Whether you’re working on a video, podcast or even something more ambitious like a film, documentary or event, music has an incredible power to transform. Sometimes I’ll be working on a video that seems to be going nowhere – I chuck in a piece of music and bam! Everything falls into place like a slo-mo jigsaw puzzle.
But wherever music involved comes the subject of copyrights and licensing. If you’ve invested plenty of time and money into your project, then maybe it’s better to bite the bullet and spend some money without the hassle of royalties. That being said, there’s plenty of free options, as long as you’re willing to do some digging.
So here are some great sites that can gear you up with tracks to suit any mood or occasion. Some of them are free, others charge flat fees or follow a simple subscription based model. Either way they’re effective sources for easily getting music for any creative project.
AudioJungle is not just a great place for getting cheap stock music, but also sound effects, ambients and introductory logo sounds (like those you get at the start of a newscast), so you’ve got sound to suit any occasion. You could basically produce an entire movie soundtrack with the files available to you at AudioJungle.
Price Range: 10 – 20 USD per track.
Music for Makers
Want a free song every week? Try Music for Makers. People I know who use Music For Makers are mainly impressed with quality. Although it is a paid, subscription based service, they also have another feature: If you sign up by e-mail, you’ll receive one free song every week. This allows you to judge the quality and see if it’s right for you.
The best thing about the free song is you can use it however you want. It’s basically yours, and for free.
The paid service is much more comprehensive, offering an almost infinite range of genres, styles and moods, and allowing you to adjust pieces of music to suit your likings and needs.
Price Range: 10 – 25 USD per track, 35 per month for 5 songs per month, or 199 per year to unlock all their music.
Thinking of the right piece of music to suit a situation can sometimes be a bit difficult, but luckily Music Bakery makes that so much easier. You can find music by Style, Category or Mood. And like Music for Makers, when you purchase a song you are given it in a range of lengths for a variety of purposes, from introductions to credits. The quality is fantastic and will instantly put you into the states of mind that each piece inspires.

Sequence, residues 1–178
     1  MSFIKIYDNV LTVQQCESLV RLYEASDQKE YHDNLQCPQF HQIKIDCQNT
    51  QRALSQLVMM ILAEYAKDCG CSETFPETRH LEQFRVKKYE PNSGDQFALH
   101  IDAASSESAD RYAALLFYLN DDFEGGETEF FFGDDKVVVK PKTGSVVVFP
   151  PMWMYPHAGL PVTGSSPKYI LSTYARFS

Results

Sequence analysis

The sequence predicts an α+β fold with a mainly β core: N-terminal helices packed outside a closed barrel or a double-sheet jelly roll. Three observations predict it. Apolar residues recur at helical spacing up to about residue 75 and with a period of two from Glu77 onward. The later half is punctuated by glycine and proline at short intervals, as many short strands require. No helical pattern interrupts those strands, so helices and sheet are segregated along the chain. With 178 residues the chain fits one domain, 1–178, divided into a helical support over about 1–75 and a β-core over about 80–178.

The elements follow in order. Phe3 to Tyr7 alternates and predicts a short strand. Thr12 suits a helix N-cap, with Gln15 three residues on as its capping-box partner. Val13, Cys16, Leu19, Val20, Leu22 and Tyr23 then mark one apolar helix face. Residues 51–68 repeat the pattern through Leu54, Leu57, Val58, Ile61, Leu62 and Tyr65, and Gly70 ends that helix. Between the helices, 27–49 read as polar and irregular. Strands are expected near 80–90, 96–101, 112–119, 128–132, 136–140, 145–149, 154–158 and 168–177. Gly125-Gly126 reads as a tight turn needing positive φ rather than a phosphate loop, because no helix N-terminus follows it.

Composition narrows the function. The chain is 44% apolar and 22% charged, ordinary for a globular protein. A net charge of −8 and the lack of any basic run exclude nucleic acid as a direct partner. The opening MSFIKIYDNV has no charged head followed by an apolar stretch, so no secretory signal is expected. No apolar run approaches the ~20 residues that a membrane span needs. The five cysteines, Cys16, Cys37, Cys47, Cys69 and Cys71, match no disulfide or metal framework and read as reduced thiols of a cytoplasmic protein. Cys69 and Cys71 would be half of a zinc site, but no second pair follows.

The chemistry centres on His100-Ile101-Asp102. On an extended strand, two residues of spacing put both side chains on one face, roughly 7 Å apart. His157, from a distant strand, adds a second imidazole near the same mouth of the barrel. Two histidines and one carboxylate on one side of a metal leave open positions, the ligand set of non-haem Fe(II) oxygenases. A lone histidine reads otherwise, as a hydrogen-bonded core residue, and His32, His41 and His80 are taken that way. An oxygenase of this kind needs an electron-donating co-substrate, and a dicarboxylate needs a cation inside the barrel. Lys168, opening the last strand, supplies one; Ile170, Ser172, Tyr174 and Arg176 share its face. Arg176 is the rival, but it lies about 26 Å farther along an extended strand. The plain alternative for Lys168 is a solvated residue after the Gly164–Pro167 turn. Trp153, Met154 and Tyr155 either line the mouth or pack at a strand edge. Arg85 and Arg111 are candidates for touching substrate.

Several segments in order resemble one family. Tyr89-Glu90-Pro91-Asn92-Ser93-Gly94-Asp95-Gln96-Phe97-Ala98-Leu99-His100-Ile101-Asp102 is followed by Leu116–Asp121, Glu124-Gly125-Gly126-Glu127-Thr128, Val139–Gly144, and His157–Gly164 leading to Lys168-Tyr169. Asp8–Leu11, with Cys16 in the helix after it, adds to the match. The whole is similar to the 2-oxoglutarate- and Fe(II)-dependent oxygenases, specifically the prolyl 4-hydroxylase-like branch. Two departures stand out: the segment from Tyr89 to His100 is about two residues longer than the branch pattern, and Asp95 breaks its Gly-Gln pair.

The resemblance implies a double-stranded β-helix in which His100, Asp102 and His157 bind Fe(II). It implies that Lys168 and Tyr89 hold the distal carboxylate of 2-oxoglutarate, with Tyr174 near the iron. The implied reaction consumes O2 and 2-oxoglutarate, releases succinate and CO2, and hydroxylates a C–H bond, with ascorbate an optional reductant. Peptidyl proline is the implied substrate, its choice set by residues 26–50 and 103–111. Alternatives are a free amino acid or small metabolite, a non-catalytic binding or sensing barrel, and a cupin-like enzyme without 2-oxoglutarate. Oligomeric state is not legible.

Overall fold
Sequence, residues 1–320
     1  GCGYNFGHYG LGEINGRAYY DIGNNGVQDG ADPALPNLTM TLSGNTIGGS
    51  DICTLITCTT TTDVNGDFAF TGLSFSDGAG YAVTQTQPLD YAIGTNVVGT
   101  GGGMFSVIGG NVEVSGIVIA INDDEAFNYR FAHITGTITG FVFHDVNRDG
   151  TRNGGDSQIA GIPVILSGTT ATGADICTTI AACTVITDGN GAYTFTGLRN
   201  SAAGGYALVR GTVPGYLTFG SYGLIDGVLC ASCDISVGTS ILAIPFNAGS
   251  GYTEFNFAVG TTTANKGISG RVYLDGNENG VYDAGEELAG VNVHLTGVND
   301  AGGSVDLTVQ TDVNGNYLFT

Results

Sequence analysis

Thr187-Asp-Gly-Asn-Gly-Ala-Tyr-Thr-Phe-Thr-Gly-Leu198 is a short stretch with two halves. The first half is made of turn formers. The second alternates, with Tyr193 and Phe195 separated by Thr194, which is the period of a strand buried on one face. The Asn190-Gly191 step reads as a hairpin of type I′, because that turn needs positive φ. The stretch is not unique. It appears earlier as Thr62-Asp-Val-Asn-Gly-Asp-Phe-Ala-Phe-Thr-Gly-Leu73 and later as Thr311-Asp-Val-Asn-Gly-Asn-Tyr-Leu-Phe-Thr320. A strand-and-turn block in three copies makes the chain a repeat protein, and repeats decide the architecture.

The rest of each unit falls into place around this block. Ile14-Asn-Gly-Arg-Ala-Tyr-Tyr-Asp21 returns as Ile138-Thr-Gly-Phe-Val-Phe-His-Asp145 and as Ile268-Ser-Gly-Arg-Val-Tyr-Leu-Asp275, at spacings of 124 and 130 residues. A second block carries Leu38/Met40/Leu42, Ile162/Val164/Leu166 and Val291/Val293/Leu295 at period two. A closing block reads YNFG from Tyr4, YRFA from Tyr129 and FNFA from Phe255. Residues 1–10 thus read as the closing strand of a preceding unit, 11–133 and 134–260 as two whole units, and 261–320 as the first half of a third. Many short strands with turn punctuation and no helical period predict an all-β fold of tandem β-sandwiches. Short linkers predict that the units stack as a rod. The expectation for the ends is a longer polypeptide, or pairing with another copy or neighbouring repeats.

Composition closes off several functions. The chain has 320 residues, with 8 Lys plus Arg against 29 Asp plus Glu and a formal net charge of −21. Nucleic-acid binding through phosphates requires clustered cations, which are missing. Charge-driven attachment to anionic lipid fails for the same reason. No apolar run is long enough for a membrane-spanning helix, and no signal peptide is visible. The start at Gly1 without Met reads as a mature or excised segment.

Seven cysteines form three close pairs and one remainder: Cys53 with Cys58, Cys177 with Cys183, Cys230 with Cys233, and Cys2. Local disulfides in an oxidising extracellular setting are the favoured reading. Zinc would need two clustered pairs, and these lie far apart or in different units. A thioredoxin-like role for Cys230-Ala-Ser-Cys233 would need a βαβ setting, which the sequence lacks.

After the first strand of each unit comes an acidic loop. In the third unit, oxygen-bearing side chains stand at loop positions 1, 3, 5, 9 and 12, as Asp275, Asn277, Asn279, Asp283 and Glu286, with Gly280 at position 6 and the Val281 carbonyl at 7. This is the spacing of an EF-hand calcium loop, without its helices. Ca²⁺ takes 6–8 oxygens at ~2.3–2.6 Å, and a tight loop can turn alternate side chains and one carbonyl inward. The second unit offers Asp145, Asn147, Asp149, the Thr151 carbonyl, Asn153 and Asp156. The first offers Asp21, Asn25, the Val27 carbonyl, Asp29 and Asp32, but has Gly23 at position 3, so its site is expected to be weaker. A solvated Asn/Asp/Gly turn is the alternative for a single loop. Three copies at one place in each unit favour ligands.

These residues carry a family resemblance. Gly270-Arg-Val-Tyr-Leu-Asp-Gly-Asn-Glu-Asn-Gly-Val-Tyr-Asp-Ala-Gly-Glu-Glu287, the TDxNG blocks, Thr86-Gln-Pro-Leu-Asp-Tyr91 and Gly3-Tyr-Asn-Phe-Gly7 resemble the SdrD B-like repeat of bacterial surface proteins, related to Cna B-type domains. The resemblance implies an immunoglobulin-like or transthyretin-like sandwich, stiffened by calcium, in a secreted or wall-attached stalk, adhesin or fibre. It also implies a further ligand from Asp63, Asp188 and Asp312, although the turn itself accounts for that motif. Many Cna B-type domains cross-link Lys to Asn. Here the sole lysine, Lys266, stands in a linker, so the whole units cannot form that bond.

Price Range: 47 USD per music package
Like Audiojungle, Premium Beat is a great place for both Music and SFX. It’s called ‘Premium Beats’ for a reason, which explains the higher price. But as we’re all grudgingly beginning to accept, you get what you paid for.
The site has an excellent search functionality. You can search by popularity, genre and mood, and sort by factors such as Beats Per Minute (BPM), length and loops set.
Price Range: 49 USD per track, 40 – 60 USD for SFX packages
Don’t let the strange name fool you, Incompetech is one of the best sources for free stock music. All that its creator asks is that you provide credits.
That creator, by the way, is Kevin MacLeod, legendary producer who has composed music for games like the Stanley Parable, web series like CGP Grey, CollegeHumor and films like Hugo. But that only scratches the surface of Kevin’s impressive C.V, and Incompetech will allow you to experience a lot more.
The site doesn’t have the best search functionality, so you’ll find yourself sorting through many, many files. But the time you spend discovering all sorts of sounds is part of the fun of Incompetech. You’ll immensely enjoy the experience of using this site.
This CC (Creative Commons) site provides free music for three separate categories: film/video; commercial projects and video games. Music is searched by tags, so you’ll find yourself digging through a bit, but like Incompetech, that’s part of the fun of using CCMixter.
That’s right, good old Youtube is a haven for composers uploading free music. Some of these talented musicians have been offered to work under contract on big-budget Hollywood films and video games, but many of them choose instead to share their creations through video streaming.
If you plan to use theor music, you need to be sure if they have specified if A) they own this music and B) they have given you permission to use it (and for what purposes – ie, commercial use). Composers uploading to Youtube do not always state their conditions, so the best idea is to get in touch and ask what their terms and conditions for allowing you to use their music. Who knows, you might find yourself hiring a very talented composer that Hollywood’s finest couldn’t!